In mammals, the largest amount of coenzyme Q10 is found in the heart and skeletal muscles. In the peripheral blood, coenzyme Q10 is bound to lipoproteins, and its level is positively correlated with total cholesterol [10, 11].

Most of the body’s daily coenzyme Q10 requirement is derived from endogenous synthesis; small amounts of coenzyme Q10 are obtained from foods such as meat, fish, and nuts. Biosynthesis is a multi-step process, taking place on the inner mitochondrial membrane. Vitamins B2, B3, B6, B12, and C and folic and pantothenic acids are known to participate in the coenzyme Q10 biosynthetic pathway under the control of a dozen genes. The intensity of biosynthesis declines substantially with age [12, 13].


3. Coenzyme Q10 deficiency in disorders: the possibility of diagnosis

Primary coenzyme Q10 deficiency is due to a defect in its biosynthesis. These diseases form a separate group of mitochondrial diseases and are associated with mutations in multiple genes including PDSS1, PDSS2, CoQ2, CoQ6, CoQ9, and ADCK3. These diseases are characterized by a decrease in the level of coenzyme Q10 in tissues and in fibroblasts whereas the blood levels can be normal [11, 14, 15]. Secondary coenzyme deficiency with low plasma and tissue coenzyme Q10 levels can occur in patients taking anticancer agents and statins. The hypocholesterolemic effect of statins is due to the inhibition of 3-hydroxy-3-methylglutaryl-COA reductase and a disruption of the synthesis of mevalonic acid, which is one of the precursors of not only cholesterol but also ubiquinone. Approximately a half of patients receiving statins show a decrease in coenzyme Q10 in the muscle tissue; myalgia and myoglobinuria may also be observed [16, 17].

Secondary coenzyme Q10 deficiency and low levels of coenzyme Q10 in plasma and tissues are found in certain diseases of older age (Parkinson’s and Alzheimer’s disease, atherosclerosis, diabetes mellitus, etc.) [13, 18, 19], in some hereditary diseases, including inborn errors of metabolism— mevalonic aciduria, phenylketonuria, glutaric acidemia II, ataxia-oculomotor apraxia 1, and cardiofaciocutaneous syndrome [11, 20]. Coenzyme Q10 deficiency in mevalonic aciduria and in phenylketonuria can be explained by insufficient cholesterol production: the decrease in the activity of mevalonate kinase and the inhibition of 3-hydroxy-3-methylglutaryl-COA reductase with high levels of phenylalanine, respectively. In phenylketonuria, ubiquinone deficiency may well be exogenous due to dietary restrictions such as avoidance of animal products [10].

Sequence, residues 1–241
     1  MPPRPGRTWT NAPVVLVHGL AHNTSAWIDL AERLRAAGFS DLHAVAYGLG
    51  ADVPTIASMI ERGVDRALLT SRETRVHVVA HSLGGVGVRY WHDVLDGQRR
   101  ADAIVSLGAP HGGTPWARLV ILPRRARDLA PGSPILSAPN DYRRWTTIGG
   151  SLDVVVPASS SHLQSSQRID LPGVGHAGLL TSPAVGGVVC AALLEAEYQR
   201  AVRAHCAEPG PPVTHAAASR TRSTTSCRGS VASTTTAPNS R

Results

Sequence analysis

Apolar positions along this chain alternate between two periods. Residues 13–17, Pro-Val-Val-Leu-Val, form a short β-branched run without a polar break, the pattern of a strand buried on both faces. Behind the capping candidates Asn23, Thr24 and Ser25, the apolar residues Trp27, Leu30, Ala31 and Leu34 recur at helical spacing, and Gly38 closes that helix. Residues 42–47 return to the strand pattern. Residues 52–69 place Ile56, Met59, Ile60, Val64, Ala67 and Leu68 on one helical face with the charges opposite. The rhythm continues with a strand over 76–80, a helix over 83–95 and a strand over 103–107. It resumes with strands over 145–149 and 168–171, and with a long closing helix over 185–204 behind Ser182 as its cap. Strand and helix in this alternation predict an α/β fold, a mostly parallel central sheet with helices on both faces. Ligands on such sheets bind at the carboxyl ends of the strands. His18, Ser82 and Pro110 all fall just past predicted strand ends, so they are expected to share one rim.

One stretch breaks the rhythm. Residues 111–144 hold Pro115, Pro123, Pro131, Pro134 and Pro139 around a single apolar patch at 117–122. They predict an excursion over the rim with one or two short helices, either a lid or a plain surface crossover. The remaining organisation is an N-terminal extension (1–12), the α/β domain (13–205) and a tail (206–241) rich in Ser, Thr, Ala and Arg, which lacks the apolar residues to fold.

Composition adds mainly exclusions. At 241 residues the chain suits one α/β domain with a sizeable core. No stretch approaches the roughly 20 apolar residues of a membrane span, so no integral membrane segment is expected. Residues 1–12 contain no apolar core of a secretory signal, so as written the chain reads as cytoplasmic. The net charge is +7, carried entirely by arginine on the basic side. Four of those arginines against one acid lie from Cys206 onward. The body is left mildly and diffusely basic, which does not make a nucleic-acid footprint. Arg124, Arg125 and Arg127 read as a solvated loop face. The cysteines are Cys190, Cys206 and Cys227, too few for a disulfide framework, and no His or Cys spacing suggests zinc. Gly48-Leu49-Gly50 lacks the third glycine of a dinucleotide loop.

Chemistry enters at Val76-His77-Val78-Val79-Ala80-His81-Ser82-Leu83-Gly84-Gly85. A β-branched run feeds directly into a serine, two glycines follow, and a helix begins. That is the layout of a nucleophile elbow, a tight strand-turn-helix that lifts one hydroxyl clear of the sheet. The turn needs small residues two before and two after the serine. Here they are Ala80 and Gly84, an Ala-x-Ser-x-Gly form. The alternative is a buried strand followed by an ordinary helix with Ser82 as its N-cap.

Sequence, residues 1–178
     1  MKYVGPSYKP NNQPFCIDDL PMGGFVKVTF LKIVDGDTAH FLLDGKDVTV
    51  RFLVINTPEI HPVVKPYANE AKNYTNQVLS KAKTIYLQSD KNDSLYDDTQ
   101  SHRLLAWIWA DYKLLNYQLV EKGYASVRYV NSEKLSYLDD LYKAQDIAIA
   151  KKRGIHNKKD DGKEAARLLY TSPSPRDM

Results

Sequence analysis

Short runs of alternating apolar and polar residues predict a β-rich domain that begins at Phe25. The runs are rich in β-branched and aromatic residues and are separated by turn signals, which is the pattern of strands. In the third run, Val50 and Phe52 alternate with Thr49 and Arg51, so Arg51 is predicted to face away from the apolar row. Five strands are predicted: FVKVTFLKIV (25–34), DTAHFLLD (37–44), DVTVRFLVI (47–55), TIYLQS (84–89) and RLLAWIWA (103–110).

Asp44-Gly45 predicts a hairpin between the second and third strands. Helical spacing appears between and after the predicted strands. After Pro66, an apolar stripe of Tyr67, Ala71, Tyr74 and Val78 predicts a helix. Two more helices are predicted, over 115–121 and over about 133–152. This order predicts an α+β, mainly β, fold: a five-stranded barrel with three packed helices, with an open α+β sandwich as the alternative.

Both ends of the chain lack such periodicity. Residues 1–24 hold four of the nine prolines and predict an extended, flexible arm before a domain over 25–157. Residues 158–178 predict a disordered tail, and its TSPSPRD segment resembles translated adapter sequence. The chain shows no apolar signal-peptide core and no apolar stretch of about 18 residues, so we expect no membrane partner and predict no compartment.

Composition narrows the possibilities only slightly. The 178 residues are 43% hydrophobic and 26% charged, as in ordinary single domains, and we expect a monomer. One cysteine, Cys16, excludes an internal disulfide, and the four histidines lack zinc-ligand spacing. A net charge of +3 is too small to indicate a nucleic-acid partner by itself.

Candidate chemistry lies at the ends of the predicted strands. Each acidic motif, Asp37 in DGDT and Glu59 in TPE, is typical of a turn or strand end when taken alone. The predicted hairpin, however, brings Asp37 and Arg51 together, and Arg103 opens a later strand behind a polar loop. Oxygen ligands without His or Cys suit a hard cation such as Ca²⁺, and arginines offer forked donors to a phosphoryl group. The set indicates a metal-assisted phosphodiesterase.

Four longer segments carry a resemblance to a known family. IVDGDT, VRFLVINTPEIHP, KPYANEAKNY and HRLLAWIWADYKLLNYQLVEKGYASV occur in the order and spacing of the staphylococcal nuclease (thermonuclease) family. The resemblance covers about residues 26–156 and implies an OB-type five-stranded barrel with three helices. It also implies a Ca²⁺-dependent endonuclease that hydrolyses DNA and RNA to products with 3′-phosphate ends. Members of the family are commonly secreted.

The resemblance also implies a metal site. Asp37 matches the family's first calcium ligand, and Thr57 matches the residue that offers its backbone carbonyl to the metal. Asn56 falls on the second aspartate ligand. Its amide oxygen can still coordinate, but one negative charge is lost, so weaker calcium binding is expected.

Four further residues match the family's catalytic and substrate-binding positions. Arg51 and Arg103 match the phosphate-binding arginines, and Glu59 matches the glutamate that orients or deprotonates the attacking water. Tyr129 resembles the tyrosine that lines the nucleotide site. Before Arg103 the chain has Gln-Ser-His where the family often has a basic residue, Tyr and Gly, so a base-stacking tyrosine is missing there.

A decrease in coenzyme Q10 was reported in the peripheral blood and muscles in some (20–40%) patients with mitochondrial pathology associated with mutations and depletion of mitochondrial DNA [21, 22]. Of interest, in children with myopathy due to other causes, there were no changes in the content of coenzyme Q10 in the muscles, except for the patients with Duchenne muscular dystrophy [23].

The coenzyme Q10 deficiency can be detected in biological fluids (plasma or serum), fibroblasts, and muscle tissue. However, the blood level of coenzyme Q10 is not considered as a reliable indicator of its state in the body. There is no clear correlation between the levels of ubiquinone in plasma and muscle tissue. This parameter is influenced by the lipid intake from foods and the blood levels of cholesterol and low-density lipoproteins [7, 10, 11]. Therefore, the ratio of coenzyme Q10 to cholesterol and low-density lipoproteins is proposed for clinical use. Apparently, the measurement of coenzyme Q10 in the peripheral blood mononuclear cells appears to be a promising detection method.


4. Low blood level of coenzyme Q10 as a diagnostic marker of mitochondrial encephalomyopathy and the rationale for therapy

In the Research and Clinical Institute of Pediatrics, an examination of 16 children (group 1) aged 1–16 years (average age 8.3 ± 1.5 years) with mitochondrial diseases was performed.

In nine children, the disease was caused by deletions or point mutations of mitochondrial DNA: Kearns-Sayre syndrome (common deletion of mitochondrial DNA) in three; mitochondrial encephalomyopathy with pyramidal-extrapyramidal syndrome (MTND1 mutation) in two; mitochondrial encephalomyopathy with cardiomyopathy (MTTK mutations) in two; mitochondrial myopathy, encephalopathy, lactic acidosis, and stroke-like episodes (MTTL1 mutation) in 1; and maternal inherited Leigh syndrome (MTND3 mutation) in 1.

Seven children were diagnosed with mitochondrial diseases of nuclear origin: leukoencephalopathy with brain stem and spinal cord involvement and lactate elevation (DARS2 mutations) in four and Leigh syndrome (SURF1 mutations) in three.